David Chapel

Flight Safety Director, GE Aviation
Aerospace Industries Association (AIA) National Aerospace Standard (NAS) Development and GE Aviation’s Associated Gap Analysis

Abstract: Industry groups Aerospace Industries Association (AIA) and General Aviation Manufacturers Association (GAMA) launched an effort to establish a NAS for SMS based on FAR Part 5 in January 2016. The NAS was released in June 2016 through AIA. This presentation will review some of the key concepts discussed during development, such as scope, applicability, and organizational considerations. In addition, with the release of the standard, GE Aviation has conducted a gap analysis of its active, voluntary SMS and will discuss these preliminary findings and conclusions.

Bio: Dave is currently responsible for the Flight Safety group at GE Aviation. Dave’s group manages all the accident investigations for GE Aviation products for all market segments including Military, Commercial, and Business and General Aviation (B&GA). In addition, his group is driving the rollout and promotion of GE’s D&M SMS. Dave’s group most recently has added the Maintainability organization to compliment ongoing efforts to work with OEMs and Operators on Human Factors issues related to engine installation, operation, and maintenance. Before GE, Dave worked at Gulfstream Aerospace where he had progressive leadership roles in Flight Sciences working on new product development. Dave has also worked for AlliedSignal / Honeywell Engines where he participated in 25 on-scene accident investigations.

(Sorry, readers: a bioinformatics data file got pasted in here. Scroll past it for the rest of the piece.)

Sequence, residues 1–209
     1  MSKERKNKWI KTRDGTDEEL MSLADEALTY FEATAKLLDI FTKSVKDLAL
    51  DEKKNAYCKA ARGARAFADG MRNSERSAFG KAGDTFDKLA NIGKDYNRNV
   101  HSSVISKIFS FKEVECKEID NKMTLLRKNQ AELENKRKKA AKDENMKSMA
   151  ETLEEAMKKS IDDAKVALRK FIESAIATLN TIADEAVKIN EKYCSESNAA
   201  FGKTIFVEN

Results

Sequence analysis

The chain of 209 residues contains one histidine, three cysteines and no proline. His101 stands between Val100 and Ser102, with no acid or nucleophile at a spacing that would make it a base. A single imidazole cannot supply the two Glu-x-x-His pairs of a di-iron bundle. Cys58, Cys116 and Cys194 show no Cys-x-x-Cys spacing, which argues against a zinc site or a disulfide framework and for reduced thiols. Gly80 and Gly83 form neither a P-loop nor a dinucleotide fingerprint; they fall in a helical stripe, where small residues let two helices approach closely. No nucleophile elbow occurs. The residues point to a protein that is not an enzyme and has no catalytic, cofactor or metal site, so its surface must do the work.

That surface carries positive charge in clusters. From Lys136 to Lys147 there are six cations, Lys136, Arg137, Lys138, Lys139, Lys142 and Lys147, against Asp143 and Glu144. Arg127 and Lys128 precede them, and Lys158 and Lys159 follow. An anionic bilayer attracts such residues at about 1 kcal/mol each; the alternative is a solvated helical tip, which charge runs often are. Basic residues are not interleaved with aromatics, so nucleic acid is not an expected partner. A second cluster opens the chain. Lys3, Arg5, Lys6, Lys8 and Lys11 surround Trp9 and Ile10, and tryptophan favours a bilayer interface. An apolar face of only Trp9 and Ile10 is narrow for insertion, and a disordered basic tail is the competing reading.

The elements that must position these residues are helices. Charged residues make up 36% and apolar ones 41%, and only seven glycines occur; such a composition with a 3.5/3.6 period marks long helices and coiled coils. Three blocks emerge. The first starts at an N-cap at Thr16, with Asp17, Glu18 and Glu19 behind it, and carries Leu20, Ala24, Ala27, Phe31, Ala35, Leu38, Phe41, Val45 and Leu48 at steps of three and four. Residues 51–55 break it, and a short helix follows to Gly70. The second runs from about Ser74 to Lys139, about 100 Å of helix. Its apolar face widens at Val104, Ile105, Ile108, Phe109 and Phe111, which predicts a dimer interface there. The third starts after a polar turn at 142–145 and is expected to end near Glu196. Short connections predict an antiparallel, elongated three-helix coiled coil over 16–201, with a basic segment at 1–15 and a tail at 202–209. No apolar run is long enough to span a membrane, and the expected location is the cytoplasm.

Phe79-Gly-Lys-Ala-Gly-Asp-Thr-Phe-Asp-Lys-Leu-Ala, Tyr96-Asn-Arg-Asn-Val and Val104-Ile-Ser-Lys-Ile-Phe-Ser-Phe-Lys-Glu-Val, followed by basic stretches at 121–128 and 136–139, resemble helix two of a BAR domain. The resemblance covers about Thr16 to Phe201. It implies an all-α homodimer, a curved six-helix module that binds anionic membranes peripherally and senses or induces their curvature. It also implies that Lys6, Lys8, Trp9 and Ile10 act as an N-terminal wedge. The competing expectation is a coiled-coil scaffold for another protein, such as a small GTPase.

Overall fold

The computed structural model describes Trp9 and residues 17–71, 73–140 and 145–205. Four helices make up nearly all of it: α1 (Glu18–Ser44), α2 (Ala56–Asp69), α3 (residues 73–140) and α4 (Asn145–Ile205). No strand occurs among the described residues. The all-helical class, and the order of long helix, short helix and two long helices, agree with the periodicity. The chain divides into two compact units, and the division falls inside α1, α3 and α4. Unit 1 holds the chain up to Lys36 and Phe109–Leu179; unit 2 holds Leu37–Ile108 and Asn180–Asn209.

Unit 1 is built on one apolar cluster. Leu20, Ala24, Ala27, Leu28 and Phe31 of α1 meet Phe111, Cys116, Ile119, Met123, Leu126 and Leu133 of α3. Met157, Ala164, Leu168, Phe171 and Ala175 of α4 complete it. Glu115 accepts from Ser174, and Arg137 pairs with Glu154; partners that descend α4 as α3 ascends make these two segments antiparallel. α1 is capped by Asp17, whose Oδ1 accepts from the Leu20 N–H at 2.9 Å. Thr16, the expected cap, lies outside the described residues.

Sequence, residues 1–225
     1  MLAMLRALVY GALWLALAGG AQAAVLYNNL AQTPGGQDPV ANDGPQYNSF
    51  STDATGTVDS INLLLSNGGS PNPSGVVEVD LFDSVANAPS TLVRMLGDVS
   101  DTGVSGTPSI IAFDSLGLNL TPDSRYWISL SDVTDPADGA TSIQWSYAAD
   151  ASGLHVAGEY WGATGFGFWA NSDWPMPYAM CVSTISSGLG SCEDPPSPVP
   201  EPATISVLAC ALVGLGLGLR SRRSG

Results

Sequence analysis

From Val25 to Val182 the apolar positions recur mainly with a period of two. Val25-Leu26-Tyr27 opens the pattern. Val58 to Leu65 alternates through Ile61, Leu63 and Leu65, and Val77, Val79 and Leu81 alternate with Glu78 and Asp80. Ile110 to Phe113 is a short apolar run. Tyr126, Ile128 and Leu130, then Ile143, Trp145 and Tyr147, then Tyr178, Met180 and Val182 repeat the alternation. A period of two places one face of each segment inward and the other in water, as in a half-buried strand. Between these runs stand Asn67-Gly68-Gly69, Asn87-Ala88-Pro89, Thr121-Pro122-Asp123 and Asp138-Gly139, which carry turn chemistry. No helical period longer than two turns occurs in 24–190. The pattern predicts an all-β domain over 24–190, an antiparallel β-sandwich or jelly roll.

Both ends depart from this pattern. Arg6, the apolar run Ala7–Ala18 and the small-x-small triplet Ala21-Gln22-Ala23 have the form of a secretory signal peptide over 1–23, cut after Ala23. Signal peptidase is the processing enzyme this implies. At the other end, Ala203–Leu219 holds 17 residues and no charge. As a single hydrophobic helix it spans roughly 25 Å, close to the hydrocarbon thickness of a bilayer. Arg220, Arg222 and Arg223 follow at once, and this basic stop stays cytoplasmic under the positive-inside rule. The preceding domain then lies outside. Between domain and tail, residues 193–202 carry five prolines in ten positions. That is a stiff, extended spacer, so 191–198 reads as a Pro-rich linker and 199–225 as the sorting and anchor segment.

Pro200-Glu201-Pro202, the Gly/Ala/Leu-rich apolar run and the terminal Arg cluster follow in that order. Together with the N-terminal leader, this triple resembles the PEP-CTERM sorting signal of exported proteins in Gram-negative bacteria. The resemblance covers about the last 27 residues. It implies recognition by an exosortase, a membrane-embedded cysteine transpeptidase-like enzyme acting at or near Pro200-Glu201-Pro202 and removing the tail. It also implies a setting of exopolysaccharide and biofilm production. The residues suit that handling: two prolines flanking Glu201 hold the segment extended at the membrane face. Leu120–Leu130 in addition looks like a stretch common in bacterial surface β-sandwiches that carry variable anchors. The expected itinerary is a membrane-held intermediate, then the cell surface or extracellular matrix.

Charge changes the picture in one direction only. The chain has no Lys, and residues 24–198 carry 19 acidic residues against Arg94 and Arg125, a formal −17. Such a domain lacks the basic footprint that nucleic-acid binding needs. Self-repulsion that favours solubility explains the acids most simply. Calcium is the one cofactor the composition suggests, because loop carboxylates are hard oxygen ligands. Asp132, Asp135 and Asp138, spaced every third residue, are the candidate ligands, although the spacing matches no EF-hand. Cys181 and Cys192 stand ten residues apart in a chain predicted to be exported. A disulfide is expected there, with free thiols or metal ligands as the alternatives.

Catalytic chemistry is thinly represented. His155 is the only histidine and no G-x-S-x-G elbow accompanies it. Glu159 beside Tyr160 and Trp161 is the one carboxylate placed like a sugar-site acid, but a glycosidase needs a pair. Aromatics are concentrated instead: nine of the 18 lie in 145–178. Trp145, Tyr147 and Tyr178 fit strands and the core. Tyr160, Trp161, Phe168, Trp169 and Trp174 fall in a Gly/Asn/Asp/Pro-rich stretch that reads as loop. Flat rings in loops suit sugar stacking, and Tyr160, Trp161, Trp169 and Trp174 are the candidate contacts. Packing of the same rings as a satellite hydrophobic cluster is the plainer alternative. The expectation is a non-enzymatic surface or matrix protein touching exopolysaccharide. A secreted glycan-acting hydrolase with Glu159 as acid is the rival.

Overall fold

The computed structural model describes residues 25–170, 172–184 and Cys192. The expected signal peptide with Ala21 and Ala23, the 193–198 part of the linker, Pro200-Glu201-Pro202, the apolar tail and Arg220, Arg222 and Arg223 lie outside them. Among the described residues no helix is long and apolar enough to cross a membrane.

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Industry Day Event Archive

The Safety Management Systems International Collaboration Group (SM ICG), a group of 18 aviation regulatory bodies, was established in 2009. Since its formation, the group has produced several products and has begun to focus more on outreach to the greater international aviation community. To that end, the SM ICG has begun holding Industry Day events during its semi-annual meetings. Read more about other SM ICG Industry Day events